A Short Course in Clearing Customs

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One of the most hateful things about America are the petty bureaucrats. Even the police in America have become the enemy of the people. In this article Doug Casey looks at the bureaucratic numbskulls who clear us through customs. What are they looking for?

How many of us know that the tiny strips inside the new U.S. currency can be read by sensing devices that are discretely situated in the customs areas of most airports?

Are the customs agents looking for bombs, or escaping loot? Whatever they’re looking for, they are looking rudely.

In this article Doug Casey corners the soul of the customs agent and finds it tiny.

I suspect many, even most, people resent being herded like cattle into lines in order to be interrogated, have their baggage rifled and have their government-issued papers stamped. But, in years of watching my fellow citizens being processed, I find it rare that any have other than an ingratiating smile for the agent.

Clearly, most Americans are whipped dogs, ready and willing to have a cavity search performed on their person if some nothing-nobody in a uniform sends them to a back room.

It’s part of a general process causing Americans to lose whatever self-respect and individuality they might still have-which was the main thing that’s always distinguished them from nationals of other countries, most of whom are inured to acting like sheep.

I suggest you study your body language, and that of others, when next you clear customs. Here are a few practical suggestions. Do these, and you’ll feel better about yourself:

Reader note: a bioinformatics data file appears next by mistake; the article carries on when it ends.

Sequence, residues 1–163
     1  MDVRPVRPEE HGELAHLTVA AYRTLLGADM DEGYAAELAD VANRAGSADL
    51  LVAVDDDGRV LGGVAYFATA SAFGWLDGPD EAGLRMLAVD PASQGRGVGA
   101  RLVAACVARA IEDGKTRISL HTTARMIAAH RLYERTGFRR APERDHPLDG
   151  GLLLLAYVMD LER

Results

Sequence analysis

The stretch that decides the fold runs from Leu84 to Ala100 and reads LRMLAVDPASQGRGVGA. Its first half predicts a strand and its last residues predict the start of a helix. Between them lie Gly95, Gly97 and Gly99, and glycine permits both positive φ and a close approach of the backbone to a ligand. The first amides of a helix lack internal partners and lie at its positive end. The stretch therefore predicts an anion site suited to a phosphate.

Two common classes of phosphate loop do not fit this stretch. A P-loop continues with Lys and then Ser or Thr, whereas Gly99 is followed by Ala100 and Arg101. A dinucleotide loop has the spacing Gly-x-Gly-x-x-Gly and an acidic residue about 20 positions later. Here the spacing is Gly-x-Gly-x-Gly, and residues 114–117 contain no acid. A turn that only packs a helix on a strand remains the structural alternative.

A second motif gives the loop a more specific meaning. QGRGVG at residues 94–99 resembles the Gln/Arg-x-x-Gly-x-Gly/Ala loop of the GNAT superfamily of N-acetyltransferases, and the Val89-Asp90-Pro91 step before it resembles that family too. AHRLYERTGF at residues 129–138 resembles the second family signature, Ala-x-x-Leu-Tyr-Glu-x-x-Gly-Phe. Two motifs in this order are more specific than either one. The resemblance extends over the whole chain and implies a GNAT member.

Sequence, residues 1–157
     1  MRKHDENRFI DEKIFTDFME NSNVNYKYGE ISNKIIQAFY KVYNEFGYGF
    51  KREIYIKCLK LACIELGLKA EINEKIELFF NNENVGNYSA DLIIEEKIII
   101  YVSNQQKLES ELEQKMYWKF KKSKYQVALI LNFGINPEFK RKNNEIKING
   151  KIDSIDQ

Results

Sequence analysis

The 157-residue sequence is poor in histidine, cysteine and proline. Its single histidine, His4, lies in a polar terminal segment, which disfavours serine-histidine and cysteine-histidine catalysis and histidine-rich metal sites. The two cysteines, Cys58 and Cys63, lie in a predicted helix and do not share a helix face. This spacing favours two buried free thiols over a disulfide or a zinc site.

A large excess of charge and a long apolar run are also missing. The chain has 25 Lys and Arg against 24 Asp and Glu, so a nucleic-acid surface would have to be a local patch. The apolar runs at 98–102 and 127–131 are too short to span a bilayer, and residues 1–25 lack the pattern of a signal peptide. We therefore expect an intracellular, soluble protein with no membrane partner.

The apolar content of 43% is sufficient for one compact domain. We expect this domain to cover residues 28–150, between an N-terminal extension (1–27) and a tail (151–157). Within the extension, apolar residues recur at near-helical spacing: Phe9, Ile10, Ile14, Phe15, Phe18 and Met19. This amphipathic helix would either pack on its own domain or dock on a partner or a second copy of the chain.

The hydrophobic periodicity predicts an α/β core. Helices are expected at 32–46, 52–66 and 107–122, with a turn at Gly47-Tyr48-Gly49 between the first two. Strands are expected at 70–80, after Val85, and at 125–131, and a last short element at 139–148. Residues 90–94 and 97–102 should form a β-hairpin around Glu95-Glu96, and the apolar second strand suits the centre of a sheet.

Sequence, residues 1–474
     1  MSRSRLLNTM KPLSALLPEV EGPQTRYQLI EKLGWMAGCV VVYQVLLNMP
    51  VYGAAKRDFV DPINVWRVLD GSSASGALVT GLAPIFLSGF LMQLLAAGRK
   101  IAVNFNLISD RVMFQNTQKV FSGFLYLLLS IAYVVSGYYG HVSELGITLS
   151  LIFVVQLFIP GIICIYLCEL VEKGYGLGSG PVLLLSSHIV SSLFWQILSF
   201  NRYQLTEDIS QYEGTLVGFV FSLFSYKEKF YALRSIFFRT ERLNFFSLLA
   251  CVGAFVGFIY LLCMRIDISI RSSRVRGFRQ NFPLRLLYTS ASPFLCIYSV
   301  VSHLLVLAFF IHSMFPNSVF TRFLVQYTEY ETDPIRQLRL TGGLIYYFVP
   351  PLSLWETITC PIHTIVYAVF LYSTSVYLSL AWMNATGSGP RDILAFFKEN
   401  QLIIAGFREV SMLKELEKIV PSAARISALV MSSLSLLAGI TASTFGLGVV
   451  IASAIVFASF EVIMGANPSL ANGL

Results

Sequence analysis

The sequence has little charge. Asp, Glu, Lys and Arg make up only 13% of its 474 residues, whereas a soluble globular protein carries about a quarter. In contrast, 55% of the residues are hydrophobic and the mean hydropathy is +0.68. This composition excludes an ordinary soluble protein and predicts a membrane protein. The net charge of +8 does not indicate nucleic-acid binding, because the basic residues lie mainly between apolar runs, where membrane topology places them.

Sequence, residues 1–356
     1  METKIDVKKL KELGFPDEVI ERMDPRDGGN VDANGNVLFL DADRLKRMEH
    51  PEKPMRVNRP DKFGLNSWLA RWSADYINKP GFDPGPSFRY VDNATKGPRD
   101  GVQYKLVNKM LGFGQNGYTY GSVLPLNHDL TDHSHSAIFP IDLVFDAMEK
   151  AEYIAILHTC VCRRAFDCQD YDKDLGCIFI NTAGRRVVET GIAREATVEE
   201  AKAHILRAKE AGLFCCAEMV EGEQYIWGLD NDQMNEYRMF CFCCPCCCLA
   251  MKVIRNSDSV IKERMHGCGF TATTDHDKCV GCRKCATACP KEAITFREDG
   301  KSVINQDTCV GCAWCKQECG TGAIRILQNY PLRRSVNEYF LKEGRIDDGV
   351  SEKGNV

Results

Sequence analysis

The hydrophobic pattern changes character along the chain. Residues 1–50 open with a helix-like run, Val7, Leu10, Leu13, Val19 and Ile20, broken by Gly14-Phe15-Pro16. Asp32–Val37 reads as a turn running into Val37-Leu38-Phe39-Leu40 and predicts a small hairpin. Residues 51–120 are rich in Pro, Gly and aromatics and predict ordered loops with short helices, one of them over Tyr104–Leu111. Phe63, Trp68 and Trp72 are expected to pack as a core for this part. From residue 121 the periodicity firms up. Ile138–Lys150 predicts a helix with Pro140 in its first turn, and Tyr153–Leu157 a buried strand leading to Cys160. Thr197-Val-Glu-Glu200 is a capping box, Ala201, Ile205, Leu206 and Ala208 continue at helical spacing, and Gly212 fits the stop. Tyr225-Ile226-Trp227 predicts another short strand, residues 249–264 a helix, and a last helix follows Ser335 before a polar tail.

Don’t cringe and supplicate. Stand tall, look the agent straight in the eye and, under no circumstances, smile. Your demeanor should not be, like most, that of a child, afraid to be scolded. It should be that of an objective scientist studying a familiar but unappealing insect. Answer questions curtly, with a single word. Don’t volunteer anything. Don’t make small talk. Don’t make pleasant conversation like all the whipped dogs around you.

If the agent proves inquisitive, ask, in a firm and business-like way, exactly why he’s asking. If you get an unsatisfactory brushoff, ask to see the regulation authorizing them to ask you that specific question. Never lose your temper or cool. Don’t adopt an attitude, or be a hard case; you’re not looking for trouble. You simply want to maintain your space and integrity in a nonaggressive manner, which is quite enough to come out way on top. Never lie, or say anything from which you’ll have to backpedal. You don’t want to give them an opening to go on the offensive. It’s imperative to maintain the high moral and psychological ground.

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Doug Casey (send him mail) is a best-selling author and chairman of Casey Research, LLC., publishers of Casey's International Speculator.

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